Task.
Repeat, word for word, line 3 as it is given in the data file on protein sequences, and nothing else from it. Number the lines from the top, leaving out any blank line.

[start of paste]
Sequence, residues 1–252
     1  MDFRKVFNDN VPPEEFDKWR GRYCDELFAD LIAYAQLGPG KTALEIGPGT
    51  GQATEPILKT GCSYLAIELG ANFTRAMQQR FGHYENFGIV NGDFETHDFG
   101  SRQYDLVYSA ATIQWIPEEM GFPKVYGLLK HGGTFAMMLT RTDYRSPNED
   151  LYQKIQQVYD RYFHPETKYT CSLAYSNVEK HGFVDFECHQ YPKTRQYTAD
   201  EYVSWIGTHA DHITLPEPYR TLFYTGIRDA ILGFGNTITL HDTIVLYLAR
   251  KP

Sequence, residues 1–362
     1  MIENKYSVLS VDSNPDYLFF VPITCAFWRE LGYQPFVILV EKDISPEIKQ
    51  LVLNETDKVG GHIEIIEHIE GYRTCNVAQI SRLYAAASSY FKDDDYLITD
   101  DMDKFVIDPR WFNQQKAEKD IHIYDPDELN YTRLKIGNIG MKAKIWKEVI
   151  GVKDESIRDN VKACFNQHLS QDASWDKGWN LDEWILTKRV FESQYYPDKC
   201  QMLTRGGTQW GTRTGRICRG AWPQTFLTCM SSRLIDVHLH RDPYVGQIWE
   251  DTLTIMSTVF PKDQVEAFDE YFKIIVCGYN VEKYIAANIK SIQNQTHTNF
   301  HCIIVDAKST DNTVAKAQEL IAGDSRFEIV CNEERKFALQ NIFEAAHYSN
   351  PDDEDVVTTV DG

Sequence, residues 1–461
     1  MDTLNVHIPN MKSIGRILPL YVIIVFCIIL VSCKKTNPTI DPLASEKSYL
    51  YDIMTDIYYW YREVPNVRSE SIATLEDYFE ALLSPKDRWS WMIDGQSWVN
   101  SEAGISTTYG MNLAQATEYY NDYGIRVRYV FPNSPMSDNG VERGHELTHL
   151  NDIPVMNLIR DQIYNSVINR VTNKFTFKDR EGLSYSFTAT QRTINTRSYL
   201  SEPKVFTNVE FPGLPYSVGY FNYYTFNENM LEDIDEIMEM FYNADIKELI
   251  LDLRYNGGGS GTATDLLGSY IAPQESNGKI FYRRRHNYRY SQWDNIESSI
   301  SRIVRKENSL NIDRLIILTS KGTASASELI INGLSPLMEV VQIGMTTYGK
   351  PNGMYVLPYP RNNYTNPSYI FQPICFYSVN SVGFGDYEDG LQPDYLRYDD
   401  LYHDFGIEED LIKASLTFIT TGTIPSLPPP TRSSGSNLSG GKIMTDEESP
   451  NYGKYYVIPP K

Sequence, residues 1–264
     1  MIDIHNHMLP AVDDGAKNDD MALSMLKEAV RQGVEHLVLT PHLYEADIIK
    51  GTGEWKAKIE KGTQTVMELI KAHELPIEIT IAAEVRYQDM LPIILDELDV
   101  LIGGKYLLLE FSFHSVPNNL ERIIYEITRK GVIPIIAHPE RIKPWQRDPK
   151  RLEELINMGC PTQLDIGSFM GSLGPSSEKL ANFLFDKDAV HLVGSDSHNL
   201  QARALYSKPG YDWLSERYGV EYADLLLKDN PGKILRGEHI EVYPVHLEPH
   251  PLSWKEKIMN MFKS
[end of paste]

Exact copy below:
    51  GQATEPILKT GCSYLAIELG ANFTRAMQQR FGHYENFGIV NGDFETHDFG